Gastronomy

    • Arlempdes vue maisons

    Arlempdes is an impressive sight appearing as it does after a bend in the road. The village stands at the top of a volcanic peak that the Loire encircles in a meander and the ruins of its castle serve as backdrop for the "Théâtrales du Velay" drama festival every summer.

    Themes

    • By the waterside : The river Loire
    • Castles and ramparts : The castle
    • Gastronomy : The green Puy lentils

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    Ars-en-Ré lies at the westernmost tip of the island called Ile de Ré and can be spotted thanks to its church steeple whose 40-m high, black and white spire still serves as a landmark for sailors. The village grew up around the salt marshes in the 11C and 60 salt workers still farm the Fier d’Ars salt marshes today.

    Themes

    • By the waterside : Atlantic Ocean
    • Gastronomy : Oysters, potatoes and finest sea salt
    • Wine : Pineau

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    • Barfleur église

    Barfleur was the Anglo-Norman Kingdom’s leading port in the Middle Ages and is still a big yachting and fishing port today. Its grey granite houses jut out over the Channel under the watchful eye of the semaphore and Gatteville lighthouse.

    Themes

    • By the Waterside : The Channel
    • Gastronomy : "Blondes de Barfleur" mussels, fish and shellfish off the boats.

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    • Beuvron-en-Auge Vieux Manoir

    Beuvron was a former stronghold of the Harcourt family and lies in the heart of Pays d’Auge country on the Cider Route. It is just like a picture postcard with its half-timbered houses, its market and country houses scattered around the countryside.

    Themes

    • Gastronomy : Beuvron cider, Cider and Cheese Routes
    • Unusual sights : Place de la Halle or Market Square

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    • Beynac-et-Cazenac rue tour carrée

    Beynac-et-Cazenac lies 10 kilometres southwest of Sarlat, on the banks of the Dordogne, and boasts an imposing castle, once besieged by Richard the Lion Heart, around which "lauze" stone slab-roofed houses with their creamy façades are built.

    Themes

    • By the waterside : The river Dordogne
    • Castles and ramparts : Beynac Castle
    • Gastronomy : Geese and ducks
    • Unusual sights : The Archaeological Park

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    • Bonneval-sur-Arc charpente

    For 6 or 7 months of the year in Savoie, in the Haute-Maurienne Valley, Bonneval-sur-Arc quilts its stone-built houses with their stone-slab roofs in a thick snowy mass from which only the typical chimneys and church spire emerge.

    Themes

    • By the waterside : The river Arc
    • Gastronomy : Charcuterie, salt meats and cheeses

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    Between Rochefort and the Ile d’Oléron, the fortified city of Brouage rises from the marshland. As an ancient port it thrived on the salt trade, which today has given way today to oyster farming. However, it is equally renowned for the fortifications ordered by Cardinal Richelieu in the 17th century; behind its girdle of ramparts, houses typical of Charente’s architectural style rub shoulders with the Halle aux Vivres (a military food store), gunpowder stores, forges and underground quays.  The Canadian stained-glass windows in the church remind us that Brouage was the birthplace of Samuel de Champlain, founder of Quebec…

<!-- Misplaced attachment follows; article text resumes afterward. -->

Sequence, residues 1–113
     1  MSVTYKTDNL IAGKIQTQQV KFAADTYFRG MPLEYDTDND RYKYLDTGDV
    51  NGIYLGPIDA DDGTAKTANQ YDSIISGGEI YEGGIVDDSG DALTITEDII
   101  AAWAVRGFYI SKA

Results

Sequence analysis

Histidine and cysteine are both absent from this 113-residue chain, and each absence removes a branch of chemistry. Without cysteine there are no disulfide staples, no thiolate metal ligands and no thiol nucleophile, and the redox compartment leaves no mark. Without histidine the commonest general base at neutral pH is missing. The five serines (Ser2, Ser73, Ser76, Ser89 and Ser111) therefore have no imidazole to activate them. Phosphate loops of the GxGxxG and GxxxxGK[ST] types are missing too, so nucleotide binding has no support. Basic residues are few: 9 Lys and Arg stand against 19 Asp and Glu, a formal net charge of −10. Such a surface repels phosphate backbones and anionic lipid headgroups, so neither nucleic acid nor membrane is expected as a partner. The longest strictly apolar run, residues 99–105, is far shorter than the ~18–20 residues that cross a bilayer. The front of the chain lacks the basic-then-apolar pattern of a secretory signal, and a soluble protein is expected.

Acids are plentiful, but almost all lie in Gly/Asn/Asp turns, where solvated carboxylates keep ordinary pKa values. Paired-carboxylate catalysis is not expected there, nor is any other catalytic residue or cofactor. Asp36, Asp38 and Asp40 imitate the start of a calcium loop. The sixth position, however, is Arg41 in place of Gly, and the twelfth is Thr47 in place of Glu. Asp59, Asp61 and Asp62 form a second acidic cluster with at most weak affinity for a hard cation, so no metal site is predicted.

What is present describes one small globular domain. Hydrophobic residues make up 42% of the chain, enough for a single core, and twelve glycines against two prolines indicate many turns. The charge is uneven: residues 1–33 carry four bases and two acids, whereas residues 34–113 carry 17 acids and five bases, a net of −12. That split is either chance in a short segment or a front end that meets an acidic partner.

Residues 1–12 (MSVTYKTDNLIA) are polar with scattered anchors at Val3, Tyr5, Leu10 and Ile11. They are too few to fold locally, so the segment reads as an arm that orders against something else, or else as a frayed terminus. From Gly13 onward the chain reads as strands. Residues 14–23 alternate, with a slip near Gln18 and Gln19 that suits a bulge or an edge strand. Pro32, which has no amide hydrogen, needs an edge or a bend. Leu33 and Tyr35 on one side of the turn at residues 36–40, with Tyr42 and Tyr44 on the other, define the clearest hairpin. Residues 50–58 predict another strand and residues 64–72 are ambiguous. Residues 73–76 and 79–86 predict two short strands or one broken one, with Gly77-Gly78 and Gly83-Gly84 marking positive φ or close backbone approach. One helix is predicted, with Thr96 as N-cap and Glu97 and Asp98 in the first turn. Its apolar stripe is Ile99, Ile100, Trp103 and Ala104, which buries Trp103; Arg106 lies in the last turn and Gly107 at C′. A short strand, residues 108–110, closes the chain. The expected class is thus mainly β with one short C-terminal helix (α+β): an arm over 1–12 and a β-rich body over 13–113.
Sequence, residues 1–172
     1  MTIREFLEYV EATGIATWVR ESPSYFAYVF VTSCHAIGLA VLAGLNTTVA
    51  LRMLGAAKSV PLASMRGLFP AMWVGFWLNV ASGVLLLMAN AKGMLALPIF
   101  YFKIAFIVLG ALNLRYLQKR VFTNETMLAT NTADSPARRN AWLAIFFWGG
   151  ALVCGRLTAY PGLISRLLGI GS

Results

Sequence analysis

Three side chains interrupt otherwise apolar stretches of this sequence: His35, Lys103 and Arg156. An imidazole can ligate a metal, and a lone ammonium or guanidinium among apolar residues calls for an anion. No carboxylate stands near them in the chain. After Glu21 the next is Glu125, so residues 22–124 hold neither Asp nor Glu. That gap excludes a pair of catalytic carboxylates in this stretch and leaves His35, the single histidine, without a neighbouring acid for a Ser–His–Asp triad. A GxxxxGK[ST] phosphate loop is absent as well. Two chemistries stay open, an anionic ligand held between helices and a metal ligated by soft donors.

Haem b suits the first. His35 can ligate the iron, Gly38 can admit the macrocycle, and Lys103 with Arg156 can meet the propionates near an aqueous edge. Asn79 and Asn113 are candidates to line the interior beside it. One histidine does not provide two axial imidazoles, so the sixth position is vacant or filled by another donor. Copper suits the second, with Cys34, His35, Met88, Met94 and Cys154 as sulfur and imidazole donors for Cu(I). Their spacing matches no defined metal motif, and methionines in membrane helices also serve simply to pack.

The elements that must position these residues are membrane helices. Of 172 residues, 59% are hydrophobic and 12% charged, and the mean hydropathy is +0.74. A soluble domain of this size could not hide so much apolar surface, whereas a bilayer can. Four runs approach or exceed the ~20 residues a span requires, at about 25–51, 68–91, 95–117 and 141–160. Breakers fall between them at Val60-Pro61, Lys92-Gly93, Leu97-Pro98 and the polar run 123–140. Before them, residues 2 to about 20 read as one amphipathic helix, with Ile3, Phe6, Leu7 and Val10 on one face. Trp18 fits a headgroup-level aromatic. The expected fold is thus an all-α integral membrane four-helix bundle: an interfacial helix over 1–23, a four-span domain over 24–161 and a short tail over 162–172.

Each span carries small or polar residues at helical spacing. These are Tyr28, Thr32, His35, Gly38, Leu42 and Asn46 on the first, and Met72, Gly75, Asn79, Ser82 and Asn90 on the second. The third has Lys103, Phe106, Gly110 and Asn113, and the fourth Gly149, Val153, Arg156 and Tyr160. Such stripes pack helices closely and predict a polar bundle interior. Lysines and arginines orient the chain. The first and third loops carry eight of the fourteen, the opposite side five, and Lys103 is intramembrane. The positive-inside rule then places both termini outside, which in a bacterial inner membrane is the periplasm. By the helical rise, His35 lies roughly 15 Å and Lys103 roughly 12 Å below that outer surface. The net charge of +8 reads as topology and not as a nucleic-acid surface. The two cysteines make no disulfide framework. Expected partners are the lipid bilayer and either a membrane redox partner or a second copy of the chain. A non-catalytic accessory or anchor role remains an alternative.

By Themes:

    • By the waterside: the marchlands.
    • Castles and ramparts: the ramparts (16th C.)
    • Gastronomy: mussels and Marennes' oysters

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    • Charroux fenêtre

    A short break in Charroux in the Bourbonnais, just 30 kilometres west of Vichy and 20 kilometres south of Saint-Pourçain-sur-Sioule, promises great charm and difference ! The village is famous for its mustard that is used by several great chefs and exported around the world, but this former fortified village and centre of trade has other things to show off too.

    Themes

    • Castles and ramparts : the ramparts, the East and West gates
    • Gastronomy : Charroux Mustard
    • Unusual sights : the "Cour des Dames" (small inner courtyard in the centre of the village), the truncated spire of the Saint-Jean-Baptiste church

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    • Coaraze église

    Coaraze lies at an altitude of 650 m, not far from Mercantour National Park, and is known as "sunshine village". The steep cobblestone lanes, arch-covered passageways, houses built of stone or painted blue, yellow or pink in Italian style and the flower-decked squares have attracted many artists and celebrities, some of whom, such as Jean Cocteau or Ponce de Léon, signed the village’s sundials.

    Themes

    • Gastronomy : Olives and olive oil
    • Unusual sights : The sundials

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    • Flavigny-sur-Ozerain rue de l'église

    Built around a Benedictine abbey founded in the 8C, this Burgundian village not only relates its medieval history through its ramparts, fortified gates, cobblestone streets, houses and mansions but also through its aniseed-flavoured sweets that are still made in the former abbey and the smell of which will welcome you as you arrive !

    Themes

    • Castles and ramparts : The ramparts, the fortified gates of Val, Bourg, and Poterne
    • Gastronomy : Aniseed sweets
    • Panoramas : View of the Auxois hills from the rampart walk
    • Wine : Locally produced Coteaux de l’Auxois wine : Flavigny vineyards

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